2012년 6월 7일 목요일

Rebirth of a nation: the Korean War and reconstruction

It’s easy to forget in the modernity of urban Seoul just how far this country has come in such a short period of time. Today we have skyscrapers and an abundance of food, but just one lifetime ago Korea was one of the poorest nations on Earth, having faced almost total devastation in the Korean War.

This month has been designated by the Korean government as Merit Reward Month. Two significant holidays fall in June: Memorial Day on June 6 and the anniversary of the start of the Korean War on June 25. The first part of the month is designated a Period of Remembrance, the middle a Period of Thanks, and the end of the month a Period of Unity and Harmony.

For people who want to take a look back to the days of war-torn Korea, there are two historic photo exhibits available to the public, one dedicated to the tumultuous period between 1945 and 1960, and another looking at the period of growth between 1963 and 1966.

At the Seoul Museum of History, “Seoul in Turbulence: As seen by the AP” offers a selection of photos taken by Associated Press (AP) journalists between Korea’s liberation from Japan in 1945 and the April 19 Revolution of 1960. It shows images of Seoul’s devastation during the war, the long rebuilding process, and also an interesting glimpse at what it looked like before the war. This exhibit was prepared by the Seoul Museum of History in collaboration with the AP and Imagechip, and will run until June 3.
The 40th Anniversary Monument of Gojong's Enthronement, during the Korean War (left; by James Martenhoff) and today (right) (photo courtesy of the Seoul Museum of History)

The AP is the world’s largest newsgathering organization, providing news for around 8,500 media outlets in 121 countries. AP reporters were in Korea following liberation to report on the activities of the U.S. troops stationed in there, and it was the most reliable source of news about what was happening in the country.

Max Desfor, one of the reporters, won a Pulitzer Prize in 1951 for his photograph of hordes of refugees crossing a bombed-out bridge. Photographer Frank Noel was captured by Chinese forces in 1950 and spent the rest of the war in POW camps, where he was allowed to continue taking photographs for the AP.

The images are arranged around the gallery room chronologically, starting with the period right after Korea’s liberation. Pictures from this era show a very different Seoul from what we know today, with many imperial-era buildings before their destruction in the Korean War. Some of the highlights include the Capitol building, formerly known as the Japanese General Government Building, which continued to function as the seat of government after Japan’s withdrawal. It sat where modern-day Gwanghwamun, the gate of the palace of Gyeongbokgung, sits today, and remained there until the mid-1990s.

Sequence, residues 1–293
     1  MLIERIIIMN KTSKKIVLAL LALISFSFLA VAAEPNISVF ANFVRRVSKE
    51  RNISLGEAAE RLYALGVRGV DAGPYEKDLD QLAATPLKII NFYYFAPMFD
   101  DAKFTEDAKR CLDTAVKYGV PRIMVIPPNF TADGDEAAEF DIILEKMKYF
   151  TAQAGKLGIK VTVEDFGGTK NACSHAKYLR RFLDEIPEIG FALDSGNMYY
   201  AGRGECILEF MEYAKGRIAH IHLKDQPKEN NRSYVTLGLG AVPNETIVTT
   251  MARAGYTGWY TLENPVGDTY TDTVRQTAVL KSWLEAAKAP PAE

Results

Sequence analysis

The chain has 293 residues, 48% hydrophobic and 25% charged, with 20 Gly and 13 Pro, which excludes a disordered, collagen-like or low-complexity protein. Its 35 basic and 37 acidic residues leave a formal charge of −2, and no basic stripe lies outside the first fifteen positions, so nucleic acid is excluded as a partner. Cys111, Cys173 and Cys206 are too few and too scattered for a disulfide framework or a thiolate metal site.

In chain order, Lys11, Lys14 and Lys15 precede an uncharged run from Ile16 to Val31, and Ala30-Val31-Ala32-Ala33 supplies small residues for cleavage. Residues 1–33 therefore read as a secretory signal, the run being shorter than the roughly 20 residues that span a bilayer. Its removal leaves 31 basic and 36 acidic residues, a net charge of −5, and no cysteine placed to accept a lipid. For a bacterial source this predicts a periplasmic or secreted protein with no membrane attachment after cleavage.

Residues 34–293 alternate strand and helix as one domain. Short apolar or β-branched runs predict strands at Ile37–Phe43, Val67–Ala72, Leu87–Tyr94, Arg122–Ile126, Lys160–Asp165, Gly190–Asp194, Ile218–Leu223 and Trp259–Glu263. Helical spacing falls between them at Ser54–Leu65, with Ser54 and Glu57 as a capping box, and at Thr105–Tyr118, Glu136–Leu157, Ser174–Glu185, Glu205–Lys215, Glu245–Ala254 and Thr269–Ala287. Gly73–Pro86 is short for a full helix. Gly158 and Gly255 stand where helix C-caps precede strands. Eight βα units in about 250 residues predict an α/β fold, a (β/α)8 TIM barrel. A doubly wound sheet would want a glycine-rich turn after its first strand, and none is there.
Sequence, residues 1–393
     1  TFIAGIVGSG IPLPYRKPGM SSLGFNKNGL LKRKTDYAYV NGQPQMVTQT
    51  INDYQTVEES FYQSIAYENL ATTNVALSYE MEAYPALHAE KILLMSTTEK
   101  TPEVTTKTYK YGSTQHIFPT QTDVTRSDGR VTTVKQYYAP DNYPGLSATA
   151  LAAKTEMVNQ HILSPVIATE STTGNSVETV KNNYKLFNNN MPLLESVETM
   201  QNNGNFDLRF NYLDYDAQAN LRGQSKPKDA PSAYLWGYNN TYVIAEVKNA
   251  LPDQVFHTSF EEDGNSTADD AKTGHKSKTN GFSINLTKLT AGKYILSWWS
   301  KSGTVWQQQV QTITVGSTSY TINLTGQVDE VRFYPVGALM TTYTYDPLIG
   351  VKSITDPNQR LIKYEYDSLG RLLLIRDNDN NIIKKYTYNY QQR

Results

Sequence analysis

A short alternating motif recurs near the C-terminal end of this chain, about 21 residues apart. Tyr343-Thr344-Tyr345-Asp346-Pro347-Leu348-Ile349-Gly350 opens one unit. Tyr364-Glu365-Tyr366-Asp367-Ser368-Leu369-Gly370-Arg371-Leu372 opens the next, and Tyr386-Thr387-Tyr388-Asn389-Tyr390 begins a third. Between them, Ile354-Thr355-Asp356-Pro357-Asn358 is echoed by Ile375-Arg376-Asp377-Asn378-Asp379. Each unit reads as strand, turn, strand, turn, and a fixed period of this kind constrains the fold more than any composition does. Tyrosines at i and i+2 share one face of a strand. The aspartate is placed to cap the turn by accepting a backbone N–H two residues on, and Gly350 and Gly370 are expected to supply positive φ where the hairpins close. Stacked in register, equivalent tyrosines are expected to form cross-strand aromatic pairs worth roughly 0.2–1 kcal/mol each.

But there are some familiar sights: City Hall (now under renovation) and Seoul Station (recently reopened as Culture Station 284) are two key landmarks that visitors might recognize, as is the original Cheonggyecheon, the stream that was buried in the 1960s and unearthed again in 2005. Seoul Station is shown in the calm before the war and again during the war when it was heavily damaged but still used for rail transportation. Cheonggyecheon was much different than its modern incarnation, the site of a shantytown with lots of merchant activity.

Following liberation, American and Soviet troops arrived in Korea and the peninsula was divided along ideological lines. One picture from the 1940s shows American, Soviet, and South Korean flags flying together in front of Seokjojeon, a building in the palace grounds of Deoksugung.

There are also images showing Korean protests against the establishment of the U.S. Army Military Government, which ruled the south half of the peninsula until August 15, 1948, when Rhee Syngman was elected president of the First Republic of South Korea.

One image shows an eerily peaceful view of downtown Seoul on June 25, 1950, just hours before North Korean artillery would change the city forever. It took three days for the capital to fall to advancing North Korean troops. At this point, the AP sent war correspondents to Korea, who risked their lives capturing the horrors of war.
Urban warfare in Seoul (photo courtesy of Seoul Museum of History, taken by Max Desfor)

Before the war, Seoul had a population of 1.446 million, and in the first invasion 400,000 fled Seoul, becoming refugees, while one million remained, living under North Korean rule in Seoul for months until the capital was retaken by allied forces on September 28, 1950. Only months later on January 4, 1951, control of Seoul was once again wrested out of the South’s hands, and this time 800,000 people fled, leaving a population of 133,000 living mostly among the ruins. AP photographers were there to capture the devastated scenery, as well as images of warfare, including allied forces battling in front of a building bearing the portraits of Josef Stalin and Kim Il-sung.